Phishing scams are at the top of cyber criminals’ moneymaking lists. It’s disturbing that the important data of organizations such as Sony are under threat from phishing scams. But unlike the widespread view, these scams affect small enterprise owners as much as they affect the big corporations.
Over 300,000 complaints were filed in 2010 to the Internet Crime Complaint Center, a partnership between the National White Collar Crime Center and the FBI. These grievances were from small businesses and individuals wronged by online phishing scams and a variety of other Internet related crimes.
To give you a better comprehension as to why your small business is of great worth to a cyber criminal, let's take a look at what phishing is exactly.
What is phishing?
What does "phishing" mean? Phishing is the attempt to access private data, such as financial information, usernames, and passwords. This is achieved by making false websites, graphics, email accounts, and phone numbers. The subject is persuaded, by one method or another, to reveal these types of data that may be used to steal their identity (social security numbers are a popular target). For small businesses, phishing scams may attempt to obtain access to customer credit card information.
Examples of small business phishing scams
Thousands of small business owners have been sent emails by an organization using incredibly realistic IRS-looking letters stating that W-4 forms or other additional forms must be filled out and returned via fax. This frightened many owners into believing they would be audited or penalized by the IRS for not handling the issue immediately. Unfortunately, they were fraudulent emails and these companies were tricked out of their private information.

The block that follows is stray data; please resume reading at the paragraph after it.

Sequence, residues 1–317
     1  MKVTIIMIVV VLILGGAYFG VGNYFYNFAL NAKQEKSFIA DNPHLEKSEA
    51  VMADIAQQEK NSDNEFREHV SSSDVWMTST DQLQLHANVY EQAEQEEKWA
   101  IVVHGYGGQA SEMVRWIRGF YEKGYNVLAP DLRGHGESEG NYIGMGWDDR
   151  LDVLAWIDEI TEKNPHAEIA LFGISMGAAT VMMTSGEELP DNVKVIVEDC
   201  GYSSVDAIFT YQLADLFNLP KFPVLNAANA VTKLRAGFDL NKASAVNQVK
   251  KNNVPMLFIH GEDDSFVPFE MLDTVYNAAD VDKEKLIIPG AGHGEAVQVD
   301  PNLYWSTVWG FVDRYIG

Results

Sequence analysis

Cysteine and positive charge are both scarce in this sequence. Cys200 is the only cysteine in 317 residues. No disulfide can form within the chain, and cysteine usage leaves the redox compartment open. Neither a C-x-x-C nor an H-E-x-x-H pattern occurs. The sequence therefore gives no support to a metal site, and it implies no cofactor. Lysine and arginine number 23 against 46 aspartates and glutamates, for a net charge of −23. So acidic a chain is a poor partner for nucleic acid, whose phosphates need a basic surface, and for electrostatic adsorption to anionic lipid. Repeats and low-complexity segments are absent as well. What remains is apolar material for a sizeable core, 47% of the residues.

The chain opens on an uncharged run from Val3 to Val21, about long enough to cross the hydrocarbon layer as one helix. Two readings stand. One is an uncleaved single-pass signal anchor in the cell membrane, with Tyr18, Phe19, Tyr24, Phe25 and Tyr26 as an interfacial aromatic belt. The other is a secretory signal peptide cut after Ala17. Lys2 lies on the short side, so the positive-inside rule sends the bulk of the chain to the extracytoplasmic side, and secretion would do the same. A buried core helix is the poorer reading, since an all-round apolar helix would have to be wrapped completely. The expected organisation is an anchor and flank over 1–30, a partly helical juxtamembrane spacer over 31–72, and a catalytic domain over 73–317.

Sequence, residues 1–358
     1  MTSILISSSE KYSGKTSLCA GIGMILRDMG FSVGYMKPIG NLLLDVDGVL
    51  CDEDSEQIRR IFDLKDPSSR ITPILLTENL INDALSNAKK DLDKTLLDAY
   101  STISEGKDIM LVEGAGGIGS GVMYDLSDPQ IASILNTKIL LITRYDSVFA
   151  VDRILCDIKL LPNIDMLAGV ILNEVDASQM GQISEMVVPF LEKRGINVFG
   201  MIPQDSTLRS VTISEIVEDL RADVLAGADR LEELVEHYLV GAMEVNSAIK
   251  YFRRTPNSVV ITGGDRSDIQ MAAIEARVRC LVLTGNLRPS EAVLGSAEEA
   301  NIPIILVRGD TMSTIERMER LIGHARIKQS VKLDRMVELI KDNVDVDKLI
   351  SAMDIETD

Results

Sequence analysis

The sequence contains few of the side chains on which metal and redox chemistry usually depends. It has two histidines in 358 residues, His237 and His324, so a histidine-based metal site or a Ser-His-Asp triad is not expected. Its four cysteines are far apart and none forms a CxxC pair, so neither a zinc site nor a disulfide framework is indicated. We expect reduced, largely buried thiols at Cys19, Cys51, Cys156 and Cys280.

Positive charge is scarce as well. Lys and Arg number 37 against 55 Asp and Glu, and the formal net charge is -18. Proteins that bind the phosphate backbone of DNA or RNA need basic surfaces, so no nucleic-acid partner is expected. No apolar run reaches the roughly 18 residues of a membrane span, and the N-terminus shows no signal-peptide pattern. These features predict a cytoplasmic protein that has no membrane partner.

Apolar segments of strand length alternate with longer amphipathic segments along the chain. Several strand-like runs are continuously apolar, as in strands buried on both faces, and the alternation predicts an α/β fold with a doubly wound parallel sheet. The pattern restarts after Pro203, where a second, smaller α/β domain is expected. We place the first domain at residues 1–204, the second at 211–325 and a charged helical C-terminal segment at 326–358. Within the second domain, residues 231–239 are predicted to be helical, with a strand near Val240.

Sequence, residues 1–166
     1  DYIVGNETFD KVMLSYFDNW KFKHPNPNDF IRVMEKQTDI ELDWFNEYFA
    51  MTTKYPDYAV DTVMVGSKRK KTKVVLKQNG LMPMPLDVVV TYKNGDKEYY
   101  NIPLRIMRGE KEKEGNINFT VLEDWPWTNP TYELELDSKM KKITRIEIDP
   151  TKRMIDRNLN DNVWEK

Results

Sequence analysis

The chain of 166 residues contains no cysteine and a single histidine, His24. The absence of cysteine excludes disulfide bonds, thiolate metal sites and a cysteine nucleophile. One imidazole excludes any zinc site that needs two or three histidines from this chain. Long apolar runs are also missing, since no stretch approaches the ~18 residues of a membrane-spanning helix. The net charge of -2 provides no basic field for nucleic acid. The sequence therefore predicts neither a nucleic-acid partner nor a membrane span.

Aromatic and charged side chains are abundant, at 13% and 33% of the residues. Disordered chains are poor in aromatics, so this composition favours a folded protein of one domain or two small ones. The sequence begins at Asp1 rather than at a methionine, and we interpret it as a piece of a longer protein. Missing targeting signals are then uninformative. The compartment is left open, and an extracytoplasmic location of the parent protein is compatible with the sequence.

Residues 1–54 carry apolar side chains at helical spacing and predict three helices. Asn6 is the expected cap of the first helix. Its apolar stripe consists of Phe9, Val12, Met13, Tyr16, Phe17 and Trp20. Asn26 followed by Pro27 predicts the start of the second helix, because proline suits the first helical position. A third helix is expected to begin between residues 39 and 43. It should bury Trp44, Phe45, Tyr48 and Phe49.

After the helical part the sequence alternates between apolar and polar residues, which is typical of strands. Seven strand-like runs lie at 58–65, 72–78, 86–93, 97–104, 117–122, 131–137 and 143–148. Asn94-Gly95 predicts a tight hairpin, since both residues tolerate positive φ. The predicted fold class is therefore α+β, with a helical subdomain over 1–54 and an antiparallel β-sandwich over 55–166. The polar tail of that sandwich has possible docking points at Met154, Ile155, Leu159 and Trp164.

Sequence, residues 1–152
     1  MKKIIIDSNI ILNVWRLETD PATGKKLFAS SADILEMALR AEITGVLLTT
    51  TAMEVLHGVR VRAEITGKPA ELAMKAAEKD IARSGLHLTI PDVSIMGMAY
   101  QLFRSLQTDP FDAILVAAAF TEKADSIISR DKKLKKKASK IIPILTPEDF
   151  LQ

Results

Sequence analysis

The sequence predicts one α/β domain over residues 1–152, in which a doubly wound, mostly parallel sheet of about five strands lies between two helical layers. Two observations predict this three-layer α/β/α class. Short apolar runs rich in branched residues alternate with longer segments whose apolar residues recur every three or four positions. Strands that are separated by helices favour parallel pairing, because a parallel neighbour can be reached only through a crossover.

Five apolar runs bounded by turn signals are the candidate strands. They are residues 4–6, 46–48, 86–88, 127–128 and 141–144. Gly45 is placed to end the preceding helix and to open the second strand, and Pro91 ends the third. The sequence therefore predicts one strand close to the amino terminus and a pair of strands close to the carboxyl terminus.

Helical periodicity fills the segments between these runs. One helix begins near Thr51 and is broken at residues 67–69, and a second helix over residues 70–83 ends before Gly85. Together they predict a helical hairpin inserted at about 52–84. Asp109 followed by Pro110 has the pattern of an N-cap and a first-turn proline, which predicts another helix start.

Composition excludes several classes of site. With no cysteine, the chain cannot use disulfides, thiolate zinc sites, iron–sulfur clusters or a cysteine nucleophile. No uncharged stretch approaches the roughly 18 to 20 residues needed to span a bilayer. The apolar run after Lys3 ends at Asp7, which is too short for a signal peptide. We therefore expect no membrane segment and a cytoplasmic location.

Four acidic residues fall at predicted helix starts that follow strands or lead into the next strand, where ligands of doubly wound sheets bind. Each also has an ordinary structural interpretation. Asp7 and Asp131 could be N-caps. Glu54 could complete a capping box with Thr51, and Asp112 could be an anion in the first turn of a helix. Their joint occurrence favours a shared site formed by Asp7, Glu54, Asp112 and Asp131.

The IRS states on it's website at IRS.gov, that it will not initiate any contact by email and that you should never click any links on an email sent to you asking you to send anything to the IRS.
Your company email can be a target
Another way these thieves gain information is by targeting a specific person within a business by sending him or her some kind of phony communication that looks completely legitimate but ends up launching a virus or malware. This virus then infects the entire network, giving thieves access to private company data.
Phone phishing refers to fraudulent phone calls where thieves posture as banks and request the victim to “verify” account numbers over the phone in order to steal confidential information.
How to protect your business against phishing
Visiting the Anti-Phishing Work Group will give you wise advice to shield your business against phishing scams and gives you useful information on how to avoid becoming a victim. Some of their advice follows, such as:
It is nearly impossible for law enforcement to stop phishing, so the best method of defense is the education of your employees for identifying, dealing with, and staying up to date with phishing scam trends.